Bright Flight, which follows the Jews' third album, American Water (Drag City, 1998), finds them with another revamped roster - pedal steel player Paul Niehaus, and former Papa M bassist Cassie Marrett, among others -- and Berman with a refreshed trove of old demons to exorcize. Poetic as usual, melancholy of course, Berman writes from deep down, the shadowy fringes that most people revisit only in therapy and primal scream workshops. And he's damn good at it. The rolling - dare I say, ragtime -- piano fills and shuffling percussion on "Let's Not and Say We Did" offers a brief glimmer of upbeat sunshine as Berman rambles "Let's walk down the glassy top of a frozen pasture stream/Our minds can dream like soda machines/And that's exactly what we did." Cassie Marrett adds a new, and much needed, dimension to Berman's songs: a woman's touch. Her duets with Berman on "Slow Education" and "Tennessee" are easily the high points of an album that features Berman at his best. (Don't let her get away Dave; she's a keeper.)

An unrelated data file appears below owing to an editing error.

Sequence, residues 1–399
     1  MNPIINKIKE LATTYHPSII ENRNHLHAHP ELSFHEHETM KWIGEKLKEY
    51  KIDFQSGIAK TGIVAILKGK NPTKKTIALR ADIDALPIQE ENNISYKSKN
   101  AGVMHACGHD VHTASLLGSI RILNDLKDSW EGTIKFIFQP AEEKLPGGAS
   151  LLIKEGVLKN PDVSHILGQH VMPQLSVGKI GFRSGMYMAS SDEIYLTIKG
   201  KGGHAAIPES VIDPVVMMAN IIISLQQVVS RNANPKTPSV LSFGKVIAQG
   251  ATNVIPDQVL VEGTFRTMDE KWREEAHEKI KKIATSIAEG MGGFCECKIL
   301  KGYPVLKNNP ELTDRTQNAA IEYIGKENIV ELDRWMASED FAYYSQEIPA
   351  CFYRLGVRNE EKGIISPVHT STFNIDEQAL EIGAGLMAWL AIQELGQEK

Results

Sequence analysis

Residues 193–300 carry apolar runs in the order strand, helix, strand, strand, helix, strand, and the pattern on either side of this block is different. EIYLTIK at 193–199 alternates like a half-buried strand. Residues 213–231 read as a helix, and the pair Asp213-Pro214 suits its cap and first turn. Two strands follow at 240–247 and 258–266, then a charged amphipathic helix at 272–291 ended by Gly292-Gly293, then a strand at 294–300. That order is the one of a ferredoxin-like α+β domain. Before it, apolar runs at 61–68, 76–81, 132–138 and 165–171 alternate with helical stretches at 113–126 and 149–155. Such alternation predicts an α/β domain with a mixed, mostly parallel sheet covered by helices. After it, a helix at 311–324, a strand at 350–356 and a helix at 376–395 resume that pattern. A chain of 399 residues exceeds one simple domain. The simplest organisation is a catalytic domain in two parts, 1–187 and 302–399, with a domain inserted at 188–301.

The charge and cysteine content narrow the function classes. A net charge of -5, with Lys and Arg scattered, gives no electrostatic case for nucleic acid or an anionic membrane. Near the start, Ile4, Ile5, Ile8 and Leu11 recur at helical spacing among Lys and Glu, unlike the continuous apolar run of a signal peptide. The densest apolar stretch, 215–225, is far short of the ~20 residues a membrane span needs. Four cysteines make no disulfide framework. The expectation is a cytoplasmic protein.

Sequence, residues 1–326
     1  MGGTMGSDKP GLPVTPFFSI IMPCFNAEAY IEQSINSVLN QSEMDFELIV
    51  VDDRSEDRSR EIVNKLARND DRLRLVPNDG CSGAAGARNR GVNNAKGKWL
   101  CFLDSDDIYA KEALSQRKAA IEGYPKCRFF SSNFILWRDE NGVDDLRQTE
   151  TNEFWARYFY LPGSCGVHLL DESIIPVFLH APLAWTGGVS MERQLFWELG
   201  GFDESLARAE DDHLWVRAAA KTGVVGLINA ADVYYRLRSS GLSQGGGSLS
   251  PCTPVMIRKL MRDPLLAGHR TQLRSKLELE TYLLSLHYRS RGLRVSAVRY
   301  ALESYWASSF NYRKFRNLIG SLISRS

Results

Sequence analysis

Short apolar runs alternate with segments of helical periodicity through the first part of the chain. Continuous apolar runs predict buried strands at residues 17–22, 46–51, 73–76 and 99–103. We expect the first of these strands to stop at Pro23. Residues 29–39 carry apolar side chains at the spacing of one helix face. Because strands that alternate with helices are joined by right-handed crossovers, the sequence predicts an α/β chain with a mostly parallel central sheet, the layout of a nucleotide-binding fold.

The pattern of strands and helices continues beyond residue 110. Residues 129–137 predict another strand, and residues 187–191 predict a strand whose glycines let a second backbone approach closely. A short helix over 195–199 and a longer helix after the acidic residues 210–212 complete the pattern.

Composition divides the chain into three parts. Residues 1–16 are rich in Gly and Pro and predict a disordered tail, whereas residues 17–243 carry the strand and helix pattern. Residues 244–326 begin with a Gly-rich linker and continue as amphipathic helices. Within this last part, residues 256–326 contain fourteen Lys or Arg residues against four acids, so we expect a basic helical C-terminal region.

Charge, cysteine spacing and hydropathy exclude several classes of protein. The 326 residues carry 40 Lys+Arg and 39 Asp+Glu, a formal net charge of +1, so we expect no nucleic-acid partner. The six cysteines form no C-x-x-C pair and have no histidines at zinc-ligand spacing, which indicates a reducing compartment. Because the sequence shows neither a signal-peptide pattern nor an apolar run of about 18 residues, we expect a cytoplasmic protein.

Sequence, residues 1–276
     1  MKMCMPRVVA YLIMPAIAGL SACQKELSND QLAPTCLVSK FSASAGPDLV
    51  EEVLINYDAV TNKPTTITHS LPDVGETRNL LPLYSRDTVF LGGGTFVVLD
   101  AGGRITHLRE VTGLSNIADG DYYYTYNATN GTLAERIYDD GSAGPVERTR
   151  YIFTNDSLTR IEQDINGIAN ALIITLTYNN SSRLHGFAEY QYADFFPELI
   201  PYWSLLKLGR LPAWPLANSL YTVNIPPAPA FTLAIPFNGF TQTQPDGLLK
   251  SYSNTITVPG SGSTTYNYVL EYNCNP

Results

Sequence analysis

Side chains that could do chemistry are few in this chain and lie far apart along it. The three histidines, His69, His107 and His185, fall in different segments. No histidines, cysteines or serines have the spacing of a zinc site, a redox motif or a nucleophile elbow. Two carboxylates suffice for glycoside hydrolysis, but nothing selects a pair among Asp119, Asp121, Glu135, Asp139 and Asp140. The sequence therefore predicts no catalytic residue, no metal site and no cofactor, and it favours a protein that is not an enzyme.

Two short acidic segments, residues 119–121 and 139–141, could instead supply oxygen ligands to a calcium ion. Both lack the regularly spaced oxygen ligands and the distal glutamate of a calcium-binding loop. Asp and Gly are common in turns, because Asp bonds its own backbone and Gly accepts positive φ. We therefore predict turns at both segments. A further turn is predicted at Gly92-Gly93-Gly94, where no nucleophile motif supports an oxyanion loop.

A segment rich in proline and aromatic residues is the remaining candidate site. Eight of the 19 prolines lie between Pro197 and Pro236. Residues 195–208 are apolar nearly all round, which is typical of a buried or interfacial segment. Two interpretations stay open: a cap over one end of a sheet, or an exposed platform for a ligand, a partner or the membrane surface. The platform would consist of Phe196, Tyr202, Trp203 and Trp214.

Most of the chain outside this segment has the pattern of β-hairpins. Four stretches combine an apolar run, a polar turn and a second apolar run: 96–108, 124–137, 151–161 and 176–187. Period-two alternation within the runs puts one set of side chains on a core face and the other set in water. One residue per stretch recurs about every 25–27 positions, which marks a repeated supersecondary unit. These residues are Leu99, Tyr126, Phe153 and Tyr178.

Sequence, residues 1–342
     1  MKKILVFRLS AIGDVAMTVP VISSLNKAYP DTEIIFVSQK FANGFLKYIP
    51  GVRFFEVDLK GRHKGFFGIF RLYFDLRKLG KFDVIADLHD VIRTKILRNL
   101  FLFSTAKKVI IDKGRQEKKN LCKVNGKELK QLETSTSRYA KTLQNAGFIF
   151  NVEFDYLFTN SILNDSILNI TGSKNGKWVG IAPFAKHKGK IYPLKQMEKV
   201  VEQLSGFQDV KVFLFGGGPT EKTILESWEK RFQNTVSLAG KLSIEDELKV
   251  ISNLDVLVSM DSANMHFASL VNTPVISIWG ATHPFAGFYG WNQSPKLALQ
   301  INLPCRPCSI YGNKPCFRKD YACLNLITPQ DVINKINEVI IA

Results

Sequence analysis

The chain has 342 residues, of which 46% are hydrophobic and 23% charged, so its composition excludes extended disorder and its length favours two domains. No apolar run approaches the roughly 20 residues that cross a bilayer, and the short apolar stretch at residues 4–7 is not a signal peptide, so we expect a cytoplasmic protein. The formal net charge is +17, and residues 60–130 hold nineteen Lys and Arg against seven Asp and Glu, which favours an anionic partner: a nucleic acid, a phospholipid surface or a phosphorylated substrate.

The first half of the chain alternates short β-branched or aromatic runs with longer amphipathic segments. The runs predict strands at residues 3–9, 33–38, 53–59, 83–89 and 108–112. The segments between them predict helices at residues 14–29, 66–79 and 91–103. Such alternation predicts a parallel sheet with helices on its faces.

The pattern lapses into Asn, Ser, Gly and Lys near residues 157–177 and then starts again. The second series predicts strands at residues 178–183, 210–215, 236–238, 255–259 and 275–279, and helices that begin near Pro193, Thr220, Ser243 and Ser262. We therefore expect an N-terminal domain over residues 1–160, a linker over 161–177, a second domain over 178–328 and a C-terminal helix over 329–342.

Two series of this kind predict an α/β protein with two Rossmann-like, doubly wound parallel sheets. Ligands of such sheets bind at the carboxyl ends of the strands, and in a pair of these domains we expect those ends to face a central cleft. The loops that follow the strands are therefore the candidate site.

If, like me, you enjoy sitting down with a sad album and working your way through past traumas, memories of love lost, and all-time lows toward a serious case of the blue blues, then pick up Bright Flight, turn off the lights, and unplug the phone. But if after listening to the album you find that you're still feeling weepy, reckless, fatigued, worthless, or unloved - the tiniest bit suicidal - please phone your local outreach center; they can help.

--Daniel Schulman

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[email protected] | December 2001 | Issue 21